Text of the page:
Let's say I'm bigger than a two-person family but smaller than Linkin Park. About how much is it going to cost me to do what I need to do on Ning?

Our core subscription plan is $19.95 a month, and that gives you an unlimited number of members and a choice from a huge range of features, from blogs and photos and events, and really everything that you need to get started. If you're Linkin Park or 50 Cent or Twilight, and you want custom media features and really want to create a professionally branded, custom branded social network, then our plans go up to $49.95 a month.

Why wouldn't the Twilight series, which must have relatively unlimited resources for marketing, go out and just design their own network?

We're really the next generation of the web site. So, all the things that back when I started my career you would have had to have hired 10, 15, 20 developers to do for you custom, we now make possible in a simple drag and drop, point and click interface that's all hosted for you in the cloud.  It scales seamlessly.  We add new features and capabilities every single week.  So, you're really getting the best of both worlds.

So, your pitch to me is that even though I might be able to afford to do all that stuff, why should I if you'll do it for me?

We'll do it for you, and we'll likely do it better and more cost-effectively than you can do it yourself.  Martha Stewart has multiple Ning networks around women entrepreneurs, around living a healthy lifestyle, around being an eco-friendly family. Those kinds of things we're seeing popping up all over the place on Ning.

Are you still selling advertising?

Today, the way that we operate is that our network creators are able to sell advertising to help monetize and generate revenue around the social networks that they're creating on Ning. Going forward, what we'll do is make that even easier and really be a partner with them in terms of helping them sell their own advertising.

So you're definitely going to take a cut in the future?  Are you taking a cut now?

We're in the process of rolling out some new services, particularly around premium subscription content, where we will participate in the success of our network creators.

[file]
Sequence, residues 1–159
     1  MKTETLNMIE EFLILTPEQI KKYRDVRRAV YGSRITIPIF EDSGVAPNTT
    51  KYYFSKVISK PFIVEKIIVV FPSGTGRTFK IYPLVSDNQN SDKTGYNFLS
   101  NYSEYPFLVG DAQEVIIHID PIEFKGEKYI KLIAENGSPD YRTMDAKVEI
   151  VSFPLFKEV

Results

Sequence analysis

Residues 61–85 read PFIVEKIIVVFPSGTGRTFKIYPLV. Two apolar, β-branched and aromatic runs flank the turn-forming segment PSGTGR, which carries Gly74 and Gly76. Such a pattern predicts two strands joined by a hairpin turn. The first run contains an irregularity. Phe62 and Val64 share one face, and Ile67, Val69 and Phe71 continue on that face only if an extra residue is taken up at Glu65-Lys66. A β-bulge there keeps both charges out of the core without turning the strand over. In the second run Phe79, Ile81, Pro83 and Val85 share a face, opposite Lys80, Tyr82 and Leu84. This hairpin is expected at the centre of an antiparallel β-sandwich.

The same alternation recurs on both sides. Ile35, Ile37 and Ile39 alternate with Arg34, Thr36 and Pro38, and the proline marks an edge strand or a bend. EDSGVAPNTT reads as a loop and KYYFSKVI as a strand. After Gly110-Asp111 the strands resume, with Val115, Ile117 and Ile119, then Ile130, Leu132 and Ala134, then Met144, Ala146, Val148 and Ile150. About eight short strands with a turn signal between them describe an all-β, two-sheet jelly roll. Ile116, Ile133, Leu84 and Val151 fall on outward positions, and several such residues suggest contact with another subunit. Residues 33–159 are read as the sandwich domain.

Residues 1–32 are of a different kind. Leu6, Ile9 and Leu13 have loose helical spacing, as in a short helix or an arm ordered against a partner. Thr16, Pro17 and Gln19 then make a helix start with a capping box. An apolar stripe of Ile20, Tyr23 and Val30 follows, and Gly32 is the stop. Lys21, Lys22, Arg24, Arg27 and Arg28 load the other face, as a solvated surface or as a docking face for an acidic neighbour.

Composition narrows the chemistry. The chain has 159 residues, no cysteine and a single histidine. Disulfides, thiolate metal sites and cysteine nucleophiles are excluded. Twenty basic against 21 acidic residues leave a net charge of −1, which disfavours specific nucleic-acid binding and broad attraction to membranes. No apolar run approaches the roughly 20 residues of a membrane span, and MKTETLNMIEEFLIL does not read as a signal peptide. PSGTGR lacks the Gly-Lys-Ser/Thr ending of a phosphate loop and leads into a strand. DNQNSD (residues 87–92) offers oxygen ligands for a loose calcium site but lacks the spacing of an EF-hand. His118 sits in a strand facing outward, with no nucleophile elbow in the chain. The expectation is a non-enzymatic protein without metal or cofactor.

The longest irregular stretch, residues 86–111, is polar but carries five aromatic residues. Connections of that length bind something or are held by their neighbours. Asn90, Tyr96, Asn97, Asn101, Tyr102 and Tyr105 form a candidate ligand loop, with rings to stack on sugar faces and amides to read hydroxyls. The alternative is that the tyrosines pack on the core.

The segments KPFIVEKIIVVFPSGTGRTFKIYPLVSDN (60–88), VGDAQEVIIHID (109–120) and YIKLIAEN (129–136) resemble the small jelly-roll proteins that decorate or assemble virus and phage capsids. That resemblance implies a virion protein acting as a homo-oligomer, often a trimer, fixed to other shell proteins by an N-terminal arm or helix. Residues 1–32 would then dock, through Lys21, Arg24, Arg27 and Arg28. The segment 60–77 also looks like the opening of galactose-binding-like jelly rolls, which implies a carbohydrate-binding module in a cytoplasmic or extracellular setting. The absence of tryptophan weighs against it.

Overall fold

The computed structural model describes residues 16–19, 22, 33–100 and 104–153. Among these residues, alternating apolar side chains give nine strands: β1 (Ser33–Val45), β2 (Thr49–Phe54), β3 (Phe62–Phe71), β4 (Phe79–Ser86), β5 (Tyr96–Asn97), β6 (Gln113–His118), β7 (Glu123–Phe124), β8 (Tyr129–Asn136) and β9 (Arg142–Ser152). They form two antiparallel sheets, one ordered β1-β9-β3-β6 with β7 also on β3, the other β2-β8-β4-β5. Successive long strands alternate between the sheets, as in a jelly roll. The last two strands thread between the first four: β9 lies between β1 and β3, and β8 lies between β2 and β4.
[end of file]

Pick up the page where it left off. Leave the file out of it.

You've mentioned Twitter and Facebook.  A lot of what someone can do with Ning they can do on Facebook.  Why isn't Facebook your worst nightmare?

So, what's happened is as social media has really exploded, people realize it's no longer an either/or decision, and that's what we tell our clients all the time. What they need and what they should have is they should have a presence on every major social media service that's relevant to their brand. But at the same time, what they also want and need is a branded social destination or digital hub that gives them absolute control over the look and feel, over the features, access to the data, and really gives them the freedom to create and monetize in the way that makes sense for them.

What's an example of something that you'll let me do that Facebook won't let me do?

Well, I think first and foremost we give you complete creative control over the look and feel.

Whereas they're going to force me into a Facebook template.

Right. The second piece that is very important, particularly to the social entrepreneurs who are running businesses on Ning, is on Ning you get access to all the data around what's going on in your community.

And Facebook won't?

Today, that's something that they don't do.

You mentioned you have 80-some million unique visitors per month but not every one of those people needs to be registered. Do you run the risk that because Facebook has become ubiquitous with 500 million-plus users, that they're the platform, they're the common language for anybody to do what they want to do?